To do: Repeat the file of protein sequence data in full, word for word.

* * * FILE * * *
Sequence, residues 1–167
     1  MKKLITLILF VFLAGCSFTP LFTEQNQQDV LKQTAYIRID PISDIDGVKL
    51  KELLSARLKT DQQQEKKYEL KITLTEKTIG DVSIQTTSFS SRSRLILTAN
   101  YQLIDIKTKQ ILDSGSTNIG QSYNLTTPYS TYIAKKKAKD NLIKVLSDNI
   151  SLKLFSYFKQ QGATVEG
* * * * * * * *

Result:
Sequence, residues 1–167
     1  MKKLITLILF VFLAGCSFTP LFTEQNQQDV LKQTAYIRID PISDIDGVKL
    51  KELLSARLKT DQQQEKKYEL KITLTEKTIG DVSIQTTSFS SRSRLILTAN
   101  YQLIDIKTKQ ILDSGSTNIG QSYNLTTPYS TYIAKKKAKD NLIKVLSDNI
   151  SLKLFSYFKQ QGATVEG